Monsanto cites the projected population of 10 billion by 2050 as the driving force behind their merger with Bayer, claiming the merger will allow for greater investment opportunities.
A blockbuster deal between Bayer and Monsanto appears to be moving ahead.
On Monday, the US Department of Justice approved the German pharmaceutical and chemical group’s bid to buy the US seed giant for more than $60 billion, The Wall Street Journal reported. Bayer agreed to sell off additional assets to alleviate anti-trust concerns.
The two companies first announced the potential deal in September 2016, saying the move would boost agriculture research and innovation.
“By the time 2050 rolls around, the world will have 10 billion people, and the demand for food will double,” Robb Fraley, Monsanto’s chief technology officer, told Business Insider last year. “The whole point here is that the business combination between Monsanto and Bayer will allow the companies to invest in and create more innovation, and it’s going to take a huge amount of innovation in order to double the world’s food supply.”
Farmers aren’t so sure.
“From my perspective, they’re saying the exact opposite of what most people in the industry actually believe,” Clay Govier, a farmer in central Nebraska, told Business Insider in January 2017. Govier is the fifth generation to work on his family farm of 3,000 acres, which primarily grows corn and soybeans. The farm has used Monsanto products for at least 12 years, and Govier’s family expects seed and chemical prices to increase due to the merger.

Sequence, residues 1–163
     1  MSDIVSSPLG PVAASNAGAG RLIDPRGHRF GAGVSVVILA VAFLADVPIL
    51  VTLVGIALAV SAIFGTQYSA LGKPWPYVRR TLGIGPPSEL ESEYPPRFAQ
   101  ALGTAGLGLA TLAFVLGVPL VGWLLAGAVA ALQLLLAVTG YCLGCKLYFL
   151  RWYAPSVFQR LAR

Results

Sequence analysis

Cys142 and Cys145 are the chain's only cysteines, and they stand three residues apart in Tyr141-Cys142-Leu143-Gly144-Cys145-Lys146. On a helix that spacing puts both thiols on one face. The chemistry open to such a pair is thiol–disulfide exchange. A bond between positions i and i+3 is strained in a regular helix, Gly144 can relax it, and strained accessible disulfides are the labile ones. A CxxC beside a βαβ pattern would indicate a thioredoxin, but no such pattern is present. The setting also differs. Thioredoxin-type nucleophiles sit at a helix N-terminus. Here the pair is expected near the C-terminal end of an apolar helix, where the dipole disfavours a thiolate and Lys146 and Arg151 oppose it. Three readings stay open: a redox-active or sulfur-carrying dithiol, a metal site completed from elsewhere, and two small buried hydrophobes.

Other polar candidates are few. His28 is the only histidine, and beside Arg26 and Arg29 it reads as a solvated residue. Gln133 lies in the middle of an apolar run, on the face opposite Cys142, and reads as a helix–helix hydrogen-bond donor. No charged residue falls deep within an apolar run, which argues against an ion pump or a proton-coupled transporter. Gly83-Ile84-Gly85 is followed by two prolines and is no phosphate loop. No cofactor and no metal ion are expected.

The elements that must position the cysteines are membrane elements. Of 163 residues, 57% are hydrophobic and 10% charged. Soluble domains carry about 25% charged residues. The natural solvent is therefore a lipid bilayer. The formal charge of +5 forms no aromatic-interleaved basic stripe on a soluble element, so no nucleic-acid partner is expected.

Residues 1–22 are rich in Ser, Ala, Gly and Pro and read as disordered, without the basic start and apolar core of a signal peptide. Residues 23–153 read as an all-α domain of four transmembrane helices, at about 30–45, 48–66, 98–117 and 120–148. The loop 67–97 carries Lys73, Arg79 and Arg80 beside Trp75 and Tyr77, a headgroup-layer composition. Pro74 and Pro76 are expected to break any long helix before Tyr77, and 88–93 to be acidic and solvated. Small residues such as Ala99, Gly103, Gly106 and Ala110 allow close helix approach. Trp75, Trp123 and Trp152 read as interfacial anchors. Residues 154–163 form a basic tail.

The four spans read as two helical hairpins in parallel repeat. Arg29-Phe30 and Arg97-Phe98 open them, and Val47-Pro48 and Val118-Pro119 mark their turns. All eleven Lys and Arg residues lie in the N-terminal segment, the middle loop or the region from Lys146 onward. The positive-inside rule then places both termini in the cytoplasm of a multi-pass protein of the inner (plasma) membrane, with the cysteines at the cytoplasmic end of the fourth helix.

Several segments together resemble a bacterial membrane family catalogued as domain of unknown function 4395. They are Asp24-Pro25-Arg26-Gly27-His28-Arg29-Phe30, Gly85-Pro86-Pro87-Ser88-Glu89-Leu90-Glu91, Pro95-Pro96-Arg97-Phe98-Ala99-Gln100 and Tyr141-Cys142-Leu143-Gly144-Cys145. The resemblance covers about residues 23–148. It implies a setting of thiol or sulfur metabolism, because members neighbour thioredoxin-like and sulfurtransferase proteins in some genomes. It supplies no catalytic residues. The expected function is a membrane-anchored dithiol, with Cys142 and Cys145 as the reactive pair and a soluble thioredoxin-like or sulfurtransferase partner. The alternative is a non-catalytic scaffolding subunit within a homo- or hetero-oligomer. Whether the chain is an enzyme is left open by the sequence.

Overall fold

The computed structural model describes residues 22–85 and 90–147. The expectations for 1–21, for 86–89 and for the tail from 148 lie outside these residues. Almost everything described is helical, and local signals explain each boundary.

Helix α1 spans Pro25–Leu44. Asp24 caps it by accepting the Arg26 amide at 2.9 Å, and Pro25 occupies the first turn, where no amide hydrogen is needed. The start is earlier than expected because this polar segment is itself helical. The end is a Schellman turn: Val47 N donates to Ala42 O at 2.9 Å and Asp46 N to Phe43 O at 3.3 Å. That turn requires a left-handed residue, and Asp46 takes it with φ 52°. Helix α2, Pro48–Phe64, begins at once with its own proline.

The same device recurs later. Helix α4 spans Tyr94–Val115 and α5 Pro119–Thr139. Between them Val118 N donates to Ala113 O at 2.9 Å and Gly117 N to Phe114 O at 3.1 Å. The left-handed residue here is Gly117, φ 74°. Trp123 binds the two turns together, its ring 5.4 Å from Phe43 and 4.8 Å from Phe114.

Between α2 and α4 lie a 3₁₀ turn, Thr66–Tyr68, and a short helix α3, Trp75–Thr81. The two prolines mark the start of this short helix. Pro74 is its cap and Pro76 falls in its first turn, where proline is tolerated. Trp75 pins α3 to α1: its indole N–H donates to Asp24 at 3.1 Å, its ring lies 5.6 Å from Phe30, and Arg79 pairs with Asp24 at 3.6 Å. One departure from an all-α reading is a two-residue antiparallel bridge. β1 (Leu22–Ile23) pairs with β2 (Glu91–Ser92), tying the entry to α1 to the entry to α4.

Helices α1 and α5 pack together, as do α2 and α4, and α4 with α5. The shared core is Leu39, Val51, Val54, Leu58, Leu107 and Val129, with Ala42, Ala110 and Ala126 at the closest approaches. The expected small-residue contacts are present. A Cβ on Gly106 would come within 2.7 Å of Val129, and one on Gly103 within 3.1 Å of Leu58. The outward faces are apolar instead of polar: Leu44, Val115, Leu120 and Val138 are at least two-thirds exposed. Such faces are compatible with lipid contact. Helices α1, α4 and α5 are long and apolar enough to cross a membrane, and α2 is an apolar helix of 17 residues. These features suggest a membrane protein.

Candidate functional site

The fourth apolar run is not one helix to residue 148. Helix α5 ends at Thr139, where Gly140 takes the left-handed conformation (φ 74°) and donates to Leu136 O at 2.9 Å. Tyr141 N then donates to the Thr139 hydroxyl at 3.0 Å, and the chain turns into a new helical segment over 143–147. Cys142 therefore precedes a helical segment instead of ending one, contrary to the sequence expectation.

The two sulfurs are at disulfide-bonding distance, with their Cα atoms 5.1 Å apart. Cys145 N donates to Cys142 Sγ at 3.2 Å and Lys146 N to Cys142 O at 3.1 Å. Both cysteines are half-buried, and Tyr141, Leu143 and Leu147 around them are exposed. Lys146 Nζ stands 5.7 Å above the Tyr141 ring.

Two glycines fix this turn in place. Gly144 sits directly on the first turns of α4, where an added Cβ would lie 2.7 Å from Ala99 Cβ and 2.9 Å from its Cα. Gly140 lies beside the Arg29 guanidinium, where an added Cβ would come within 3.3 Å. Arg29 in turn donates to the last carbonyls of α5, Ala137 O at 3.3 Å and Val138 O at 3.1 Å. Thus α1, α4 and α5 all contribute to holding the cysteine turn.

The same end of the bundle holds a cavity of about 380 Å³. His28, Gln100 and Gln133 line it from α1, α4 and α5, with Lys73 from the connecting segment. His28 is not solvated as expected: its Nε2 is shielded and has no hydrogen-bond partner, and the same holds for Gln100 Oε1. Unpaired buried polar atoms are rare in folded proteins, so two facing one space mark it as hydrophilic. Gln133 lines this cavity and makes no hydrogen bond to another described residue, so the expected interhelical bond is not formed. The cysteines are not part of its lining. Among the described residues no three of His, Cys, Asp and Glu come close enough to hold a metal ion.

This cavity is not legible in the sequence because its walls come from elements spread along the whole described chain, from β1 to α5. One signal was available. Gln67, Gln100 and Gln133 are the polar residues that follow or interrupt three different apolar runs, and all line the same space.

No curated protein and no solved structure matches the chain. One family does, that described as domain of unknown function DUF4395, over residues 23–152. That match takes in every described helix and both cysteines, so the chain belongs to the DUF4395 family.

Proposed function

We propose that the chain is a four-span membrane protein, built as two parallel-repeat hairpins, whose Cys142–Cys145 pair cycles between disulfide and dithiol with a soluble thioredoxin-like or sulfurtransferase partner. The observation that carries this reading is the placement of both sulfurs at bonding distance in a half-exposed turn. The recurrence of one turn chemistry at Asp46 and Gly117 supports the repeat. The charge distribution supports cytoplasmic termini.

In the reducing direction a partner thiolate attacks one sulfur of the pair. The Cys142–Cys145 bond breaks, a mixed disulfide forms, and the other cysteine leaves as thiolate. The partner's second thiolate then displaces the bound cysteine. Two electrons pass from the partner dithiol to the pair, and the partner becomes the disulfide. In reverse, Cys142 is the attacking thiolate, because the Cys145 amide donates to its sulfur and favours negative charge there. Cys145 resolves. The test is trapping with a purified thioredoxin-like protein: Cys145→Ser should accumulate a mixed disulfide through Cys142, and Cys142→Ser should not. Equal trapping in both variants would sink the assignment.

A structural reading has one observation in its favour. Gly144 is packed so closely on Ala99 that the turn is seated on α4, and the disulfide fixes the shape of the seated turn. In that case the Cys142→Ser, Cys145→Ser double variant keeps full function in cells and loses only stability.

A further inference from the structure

That could put many small family farms in tough positions.
“I just sat down to chat with my banker the other day, and fortunately we’re in a position that I don’t think we’re going to have to have a hard conversation when it comes to loans for next year,” Govier said. “But he said there are a lot of guys out there that are going to have a really hard conversation.”
Consolidation on the rise
According to the US Department of Agriculture, farm production in the US has consistently shifted away from smaller farms, to larger ones. Whereas just 15% of all cropland was held by farms with at least 2,000 acres in 1987, that percentage had jumped to 36% by 2012.
Farmers are worried an increase in the cost of materials will further increase the consolidation of farmland by larger farms.